The story of how gold miners rebelled against British authority, beginning a process that would ultimately lead to democracy in Australia.
The Eureka Stockade.
It's one of Australia's foundation legends - yet the story has always been told as if half the participants weren't there. But what if the hot-tempered, free-spirited gold miners we learned about at school were actually husbands and fathers, brothers and sons? What if there were women and children right there beside them, inside the stockade, when the bullets started to fly? And how do the answers to these questions change what we thought we knew about the so-called 'birth of Australian democracy'? Who, in fact, were the midwives to that precious delivery?
Ten years in the research and writing, irrepressibly bold, entertaining and often irreverent in style, Clare Wright's The Forgotten Rebels of Eureka is a fitting tribute to the unbiddable women of Ballarat - women who made Eureka a story for us all.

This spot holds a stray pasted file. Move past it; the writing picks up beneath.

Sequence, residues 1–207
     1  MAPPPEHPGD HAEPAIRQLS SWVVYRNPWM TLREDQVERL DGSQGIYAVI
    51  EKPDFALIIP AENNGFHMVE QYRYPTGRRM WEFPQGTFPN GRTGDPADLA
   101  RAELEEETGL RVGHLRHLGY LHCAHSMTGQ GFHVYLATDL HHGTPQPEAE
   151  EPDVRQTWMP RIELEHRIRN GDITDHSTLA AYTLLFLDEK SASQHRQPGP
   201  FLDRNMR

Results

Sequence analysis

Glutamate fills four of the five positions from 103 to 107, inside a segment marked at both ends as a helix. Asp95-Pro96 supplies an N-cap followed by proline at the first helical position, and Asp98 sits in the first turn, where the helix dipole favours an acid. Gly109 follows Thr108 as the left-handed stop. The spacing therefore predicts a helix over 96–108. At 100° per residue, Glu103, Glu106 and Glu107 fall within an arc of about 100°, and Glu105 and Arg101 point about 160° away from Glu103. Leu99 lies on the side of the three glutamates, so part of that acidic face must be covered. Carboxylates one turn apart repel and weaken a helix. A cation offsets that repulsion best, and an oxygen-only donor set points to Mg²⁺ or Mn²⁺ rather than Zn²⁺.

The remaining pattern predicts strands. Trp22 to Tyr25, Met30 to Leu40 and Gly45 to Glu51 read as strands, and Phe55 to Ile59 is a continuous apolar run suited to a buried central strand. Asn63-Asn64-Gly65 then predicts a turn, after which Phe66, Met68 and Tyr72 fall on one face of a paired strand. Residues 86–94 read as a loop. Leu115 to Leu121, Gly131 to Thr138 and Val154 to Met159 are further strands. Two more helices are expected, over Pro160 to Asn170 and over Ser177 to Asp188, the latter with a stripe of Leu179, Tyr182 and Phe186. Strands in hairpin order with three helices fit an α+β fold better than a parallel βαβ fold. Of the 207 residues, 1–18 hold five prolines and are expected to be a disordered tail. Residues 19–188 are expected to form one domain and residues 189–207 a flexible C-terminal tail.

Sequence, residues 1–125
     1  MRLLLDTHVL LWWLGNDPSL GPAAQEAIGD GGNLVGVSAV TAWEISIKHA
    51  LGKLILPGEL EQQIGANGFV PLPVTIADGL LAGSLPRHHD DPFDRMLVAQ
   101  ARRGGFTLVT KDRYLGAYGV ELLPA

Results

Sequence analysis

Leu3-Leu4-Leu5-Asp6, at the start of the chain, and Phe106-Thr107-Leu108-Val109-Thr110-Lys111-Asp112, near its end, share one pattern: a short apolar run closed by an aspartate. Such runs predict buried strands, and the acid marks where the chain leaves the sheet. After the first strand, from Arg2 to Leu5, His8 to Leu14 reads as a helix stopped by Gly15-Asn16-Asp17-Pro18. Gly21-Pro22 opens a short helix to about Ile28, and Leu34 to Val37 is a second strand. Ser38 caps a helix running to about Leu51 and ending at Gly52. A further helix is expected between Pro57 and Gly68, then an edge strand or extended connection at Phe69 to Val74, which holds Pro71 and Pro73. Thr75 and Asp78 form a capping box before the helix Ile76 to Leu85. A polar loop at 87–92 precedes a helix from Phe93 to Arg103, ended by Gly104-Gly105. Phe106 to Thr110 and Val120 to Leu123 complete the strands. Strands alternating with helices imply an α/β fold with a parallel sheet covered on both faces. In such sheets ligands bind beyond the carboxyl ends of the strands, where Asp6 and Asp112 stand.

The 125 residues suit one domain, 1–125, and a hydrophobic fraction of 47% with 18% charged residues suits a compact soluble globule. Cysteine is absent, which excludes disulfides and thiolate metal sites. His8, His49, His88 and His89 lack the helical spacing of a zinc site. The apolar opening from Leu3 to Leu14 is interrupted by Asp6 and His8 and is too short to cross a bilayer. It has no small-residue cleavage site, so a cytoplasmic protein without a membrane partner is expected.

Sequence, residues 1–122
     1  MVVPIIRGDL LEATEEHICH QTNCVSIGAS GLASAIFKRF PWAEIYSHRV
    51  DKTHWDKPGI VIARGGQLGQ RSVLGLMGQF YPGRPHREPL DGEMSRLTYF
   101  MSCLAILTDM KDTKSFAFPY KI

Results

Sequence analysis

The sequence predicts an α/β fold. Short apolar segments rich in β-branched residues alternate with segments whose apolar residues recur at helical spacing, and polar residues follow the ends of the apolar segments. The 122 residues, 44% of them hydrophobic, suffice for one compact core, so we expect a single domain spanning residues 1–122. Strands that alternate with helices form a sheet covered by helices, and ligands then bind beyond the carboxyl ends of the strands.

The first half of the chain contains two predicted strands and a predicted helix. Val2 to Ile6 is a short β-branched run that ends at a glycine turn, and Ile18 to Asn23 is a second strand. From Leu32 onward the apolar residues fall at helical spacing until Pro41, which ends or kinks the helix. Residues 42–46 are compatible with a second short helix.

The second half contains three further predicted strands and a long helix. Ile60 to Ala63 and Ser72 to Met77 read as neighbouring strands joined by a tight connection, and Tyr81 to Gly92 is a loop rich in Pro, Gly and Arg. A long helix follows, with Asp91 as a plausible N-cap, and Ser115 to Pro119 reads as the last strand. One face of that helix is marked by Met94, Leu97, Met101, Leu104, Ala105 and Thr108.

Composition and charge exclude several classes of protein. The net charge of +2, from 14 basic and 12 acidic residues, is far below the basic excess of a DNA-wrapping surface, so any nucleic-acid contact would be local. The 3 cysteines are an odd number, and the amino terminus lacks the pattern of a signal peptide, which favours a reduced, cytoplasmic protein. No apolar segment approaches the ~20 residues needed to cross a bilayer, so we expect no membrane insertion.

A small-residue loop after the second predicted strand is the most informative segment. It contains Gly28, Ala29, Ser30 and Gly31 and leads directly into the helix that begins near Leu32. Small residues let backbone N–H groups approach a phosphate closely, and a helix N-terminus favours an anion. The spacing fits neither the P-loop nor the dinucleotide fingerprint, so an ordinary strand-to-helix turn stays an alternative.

"Immediately entrancing.... Wright challenges the traditional view of the stockade to create a much richer social history." (The Guardian)
"Evokes the goldfields era vividly...brings to life the experiences of so many young immigrants to Australia in the 1850." (The Age)
We've sent an email with your order details. Order ID #:
To access this title, visit your library in the app or on the desktop website.
Very slow moving - I was looking so forward to the story, but the history of it is like reading every newspaper word for word for ten years - sure there is history there, but it is impossible to see with all the irrelevant information. Horribly slow moving.
I've listened to about 7 or 8 hours of it and can't tell you one character that has impacted the story for more than a few minutes. The detail of each story told is excruciating.
Narrator was great - the detail was deadly
I'm sad, because I wanted to read a story of the women's involvement in Australian history. Couldn't stick with it any longer